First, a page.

This was the best screenshot I could get in the snow…

On PC unfortunately, the PS3-looking graphics are far from optimised, making the game feel like it was rushed out the door. Once you see those awful, dollar-store snow effects towards the start, then it becomes hard to unnotice. That being said, the artistic style of the equipment, landscapes and nature-themed Kemono (the big monsters) are easy enough on the eyes, lending itself well to Wild Hearts’ expansive world design which players can freely fast-travel between.

Fresh Hunting Takes

A common issue I encountered however, was the camera. It will regularly freak out if your hunter and a Kemono get wedged between a wall, and trying to escape the next incoming wallop of an attack is frustratingly futile. Coupled with the fact that certain attacks leave players stunned for days—like that surprised Pikachu meme—and this all too often culminates in a rage-inducing death. Playing co-op is a tonne of fun, but when solo, the combat drags on a tad too long. Since a considerable amount of fights last for about 25-30 minutes, the constant assaults and chasing results in a serious battle of attrition—and sometimes your own sanity as well.

Structures will fall and break in a Kemono’s wake, and one lapse in concentration could lead to a dire situation.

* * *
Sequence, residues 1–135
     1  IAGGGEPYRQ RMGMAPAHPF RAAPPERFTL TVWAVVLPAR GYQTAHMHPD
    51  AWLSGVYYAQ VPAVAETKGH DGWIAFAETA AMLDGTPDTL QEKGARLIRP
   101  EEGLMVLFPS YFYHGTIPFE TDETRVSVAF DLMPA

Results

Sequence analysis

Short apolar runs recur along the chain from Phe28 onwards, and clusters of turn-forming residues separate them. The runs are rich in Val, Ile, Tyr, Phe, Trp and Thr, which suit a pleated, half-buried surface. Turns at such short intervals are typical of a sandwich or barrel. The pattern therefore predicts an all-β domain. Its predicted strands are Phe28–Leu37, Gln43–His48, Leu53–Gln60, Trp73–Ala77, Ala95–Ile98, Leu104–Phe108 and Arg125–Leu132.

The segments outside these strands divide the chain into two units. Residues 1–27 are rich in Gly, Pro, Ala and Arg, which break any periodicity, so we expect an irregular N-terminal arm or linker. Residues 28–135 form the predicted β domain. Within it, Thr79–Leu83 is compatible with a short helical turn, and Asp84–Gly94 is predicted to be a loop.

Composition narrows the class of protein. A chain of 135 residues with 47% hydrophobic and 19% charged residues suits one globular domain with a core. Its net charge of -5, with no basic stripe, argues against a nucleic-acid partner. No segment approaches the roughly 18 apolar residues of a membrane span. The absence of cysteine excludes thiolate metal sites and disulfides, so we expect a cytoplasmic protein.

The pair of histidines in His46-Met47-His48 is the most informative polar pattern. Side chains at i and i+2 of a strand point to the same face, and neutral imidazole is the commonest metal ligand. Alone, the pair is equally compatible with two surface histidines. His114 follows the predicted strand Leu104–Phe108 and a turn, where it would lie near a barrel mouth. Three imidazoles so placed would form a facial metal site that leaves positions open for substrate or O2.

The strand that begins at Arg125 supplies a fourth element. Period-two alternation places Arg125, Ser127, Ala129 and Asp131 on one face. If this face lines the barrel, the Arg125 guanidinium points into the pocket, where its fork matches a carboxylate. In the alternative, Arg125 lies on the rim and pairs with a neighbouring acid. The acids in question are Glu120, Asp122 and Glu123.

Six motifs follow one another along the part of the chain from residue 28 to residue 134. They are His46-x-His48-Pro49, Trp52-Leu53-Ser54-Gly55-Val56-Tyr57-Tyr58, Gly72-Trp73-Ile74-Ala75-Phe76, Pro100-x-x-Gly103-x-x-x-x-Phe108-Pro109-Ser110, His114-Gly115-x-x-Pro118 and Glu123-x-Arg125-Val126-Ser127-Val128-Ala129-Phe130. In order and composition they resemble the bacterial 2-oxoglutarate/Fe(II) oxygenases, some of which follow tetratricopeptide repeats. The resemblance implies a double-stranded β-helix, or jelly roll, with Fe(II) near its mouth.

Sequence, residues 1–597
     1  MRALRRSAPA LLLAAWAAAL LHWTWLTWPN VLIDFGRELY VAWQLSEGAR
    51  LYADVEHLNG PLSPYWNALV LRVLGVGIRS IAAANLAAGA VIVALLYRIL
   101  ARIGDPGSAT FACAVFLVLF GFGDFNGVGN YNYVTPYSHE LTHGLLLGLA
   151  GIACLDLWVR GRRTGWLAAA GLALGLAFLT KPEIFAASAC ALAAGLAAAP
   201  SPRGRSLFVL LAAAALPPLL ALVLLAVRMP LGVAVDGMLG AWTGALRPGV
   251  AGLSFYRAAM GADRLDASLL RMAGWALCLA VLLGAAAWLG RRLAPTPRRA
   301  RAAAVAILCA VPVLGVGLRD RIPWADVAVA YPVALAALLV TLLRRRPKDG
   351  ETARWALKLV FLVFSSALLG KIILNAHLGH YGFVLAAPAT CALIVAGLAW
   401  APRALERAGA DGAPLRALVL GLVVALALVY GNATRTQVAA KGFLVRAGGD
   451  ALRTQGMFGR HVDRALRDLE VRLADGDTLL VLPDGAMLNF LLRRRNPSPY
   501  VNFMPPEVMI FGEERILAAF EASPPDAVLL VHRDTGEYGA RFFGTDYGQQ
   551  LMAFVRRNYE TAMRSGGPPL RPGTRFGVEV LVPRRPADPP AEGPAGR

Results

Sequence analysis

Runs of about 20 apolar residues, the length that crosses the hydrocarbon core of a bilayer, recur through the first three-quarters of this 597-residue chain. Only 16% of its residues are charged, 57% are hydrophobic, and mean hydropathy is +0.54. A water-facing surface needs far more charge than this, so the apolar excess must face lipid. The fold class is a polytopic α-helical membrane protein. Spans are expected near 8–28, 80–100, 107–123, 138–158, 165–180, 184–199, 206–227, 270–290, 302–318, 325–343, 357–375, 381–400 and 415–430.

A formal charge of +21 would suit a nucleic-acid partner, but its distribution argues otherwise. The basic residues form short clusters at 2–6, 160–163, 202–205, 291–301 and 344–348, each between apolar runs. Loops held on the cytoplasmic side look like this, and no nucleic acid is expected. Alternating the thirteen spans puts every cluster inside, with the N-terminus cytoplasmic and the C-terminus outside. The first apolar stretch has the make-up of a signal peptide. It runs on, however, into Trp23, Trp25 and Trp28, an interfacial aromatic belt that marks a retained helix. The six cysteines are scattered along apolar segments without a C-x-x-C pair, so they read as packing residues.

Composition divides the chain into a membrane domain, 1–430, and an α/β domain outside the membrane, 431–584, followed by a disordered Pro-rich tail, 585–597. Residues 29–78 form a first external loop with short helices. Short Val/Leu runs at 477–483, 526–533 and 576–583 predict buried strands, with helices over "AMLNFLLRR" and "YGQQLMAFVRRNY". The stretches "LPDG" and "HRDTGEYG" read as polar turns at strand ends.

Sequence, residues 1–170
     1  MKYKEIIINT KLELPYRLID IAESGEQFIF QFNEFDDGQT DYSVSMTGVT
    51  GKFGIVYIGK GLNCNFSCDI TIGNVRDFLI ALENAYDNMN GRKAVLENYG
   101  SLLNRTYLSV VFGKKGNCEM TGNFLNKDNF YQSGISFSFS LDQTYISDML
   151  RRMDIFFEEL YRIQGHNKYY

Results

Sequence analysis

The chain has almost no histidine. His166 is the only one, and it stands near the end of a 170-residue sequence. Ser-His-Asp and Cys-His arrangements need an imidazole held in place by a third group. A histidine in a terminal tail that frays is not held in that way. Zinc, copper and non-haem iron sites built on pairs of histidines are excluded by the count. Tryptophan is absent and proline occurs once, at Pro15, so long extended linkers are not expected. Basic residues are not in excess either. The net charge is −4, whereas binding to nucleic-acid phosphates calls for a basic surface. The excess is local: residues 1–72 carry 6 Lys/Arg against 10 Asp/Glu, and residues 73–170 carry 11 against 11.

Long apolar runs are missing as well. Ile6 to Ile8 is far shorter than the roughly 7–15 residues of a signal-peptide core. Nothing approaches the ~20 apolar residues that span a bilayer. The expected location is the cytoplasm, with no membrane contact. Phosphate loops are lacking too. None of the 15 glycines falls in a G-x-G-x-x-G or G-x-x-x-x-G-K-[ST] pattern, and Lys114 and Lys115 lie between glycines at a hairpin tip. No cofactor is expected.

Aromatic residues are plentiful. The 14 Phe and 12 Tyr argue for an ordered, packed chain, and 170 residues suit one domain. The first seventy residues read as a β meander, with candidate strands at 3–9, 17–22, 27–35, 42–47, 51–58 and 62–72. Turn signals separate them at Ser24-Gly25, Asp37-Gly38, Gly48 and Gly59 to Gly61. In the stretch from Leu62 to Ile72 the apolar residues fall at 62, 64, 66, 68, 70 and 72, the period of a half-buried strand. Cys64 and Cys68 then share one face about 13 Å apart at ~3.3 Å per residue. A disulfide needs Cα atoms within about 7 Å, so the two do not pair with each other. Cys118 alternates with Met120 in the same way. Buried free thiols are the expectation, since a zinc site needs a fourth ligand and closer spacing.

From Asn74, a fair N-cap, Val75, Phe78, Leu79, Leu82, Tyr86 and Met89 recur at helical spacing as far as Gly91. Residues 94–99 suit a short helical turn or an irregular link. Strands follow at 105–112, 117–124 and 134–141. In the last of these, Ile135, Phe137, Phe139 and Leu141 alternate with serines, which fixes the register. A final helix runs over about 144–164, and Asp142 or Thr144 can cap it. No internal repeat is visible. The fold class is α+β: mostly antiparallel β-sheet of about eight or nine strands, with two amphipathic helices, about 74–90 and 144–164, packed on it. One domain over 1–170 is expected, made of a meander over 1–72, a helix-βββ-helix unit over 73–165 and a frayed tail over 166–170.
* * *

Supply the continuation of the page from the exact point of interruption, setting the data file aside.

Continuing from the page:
When alone, the epic tussles are arduous and challenging. Structures will fall and break in a Kemono’s wake, and one lapse in concentration could lead to a dire situation. Thankfully, the ability to ride Kemonos and summon Fortnite-inspired building blocks called Karakuri (yes, I’m serious) can help to turn the tide. These innovative field mechanics can counter a monster’s charge, fling hunters out of the way, set up fast-travel camps as revival points, unleash powerful jump attacks and much more. Since Karakuri can be placed almost anywhere, experimentation is key. My go-to setup is placing spring blocks in a circuit so I can keep moving ahead of a monster’s assault, then change direction off one of the springs after they tire themselves out to retaliate. Like the rest of the game’s presentation, it’s very simple to digest but contains so much potential for clever play.